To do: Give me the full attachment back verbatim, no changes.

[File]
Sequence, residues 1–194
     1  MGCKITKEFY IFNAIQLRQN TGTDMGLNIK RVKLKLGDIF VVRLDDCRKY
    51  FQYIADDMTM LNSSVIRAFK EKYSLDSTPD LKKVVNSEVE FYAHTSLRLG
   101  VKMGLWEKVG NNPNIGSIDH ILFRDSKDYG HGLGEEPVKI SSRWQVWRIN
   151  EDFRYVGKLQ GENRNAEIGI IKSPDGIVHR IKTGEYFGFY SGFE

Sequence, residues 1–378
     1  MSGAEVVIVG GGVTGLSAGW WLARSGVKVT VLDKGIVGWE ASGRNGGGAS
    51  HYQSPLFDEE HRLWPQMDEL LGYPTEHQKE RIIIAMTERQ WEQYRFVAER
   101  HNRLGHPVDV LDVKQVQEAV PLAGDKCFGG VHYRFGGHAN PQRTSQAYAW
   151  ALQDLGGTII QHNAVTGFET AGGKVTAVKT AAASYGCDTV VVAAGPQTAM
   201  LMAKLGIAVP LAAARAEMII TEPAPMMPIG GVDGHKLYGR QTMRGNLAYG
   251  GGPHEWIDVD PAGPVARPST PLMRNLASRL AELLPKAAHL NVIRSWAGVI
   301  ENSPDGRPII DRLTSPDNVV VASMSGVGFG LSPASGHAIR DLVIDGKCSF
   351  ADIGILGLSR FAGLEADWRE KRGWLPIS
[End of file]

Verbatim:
Sequence, residues 1–194
     1  MGCKITKEFY IFNAIQLRQN TGTDMGLNIK RVKLKLGDIF VVRLDDCRKY
    51  FQYIADDMTM LNSSVIRAFK EKYSLDSTPD LKKVVNSEVE FYAHTSLRLG
   101  VKMGLWEKVG NNPNIGSIDH ILFRDSKDYG HGLGEEPVKI SSRWQVWRIN
   151  EDFRYVGKLQ GENRNAEIGI IKSPDGIVHR IKTGEYFGFY SGFE

Sequence, residues 1–378
     1  MSGAEVVIVG GGVTGLSAGW WLARSGVKVT VLDKGIVGWE ASGRNGGGAS
    51  HYQSPLFDEE HRLWPQMDEL LGYPTEHQKE RIIIAMTERQ WEQYRFVAER
   101  HNRLGHPVDV LDVKQVQEAV PLAGDKCFGG VHYRFGGHAN PQRTSQAYAW
   151  ALQDLGGTII QHNAVTGFET AGGKVTAVKT AAASYGCDTV VVAAGPQTAM
   201  LMAKLGIAVP LAAARAEMII TEPAPMMPIG GVDGHKLYGR QTMRGNLAYG
   251  GGPHEWIDVD PAGPVARPST PLMRNLASRL AELLPKAAHL NVIRSWAGVI
   301  ENSPDGRPII DRLTSPDNVV VASMSGVGFG LSPASGHAIR DLVIDGKCSF
   351  ADIGILGLSR FAGLEADWRE KRGWLPIS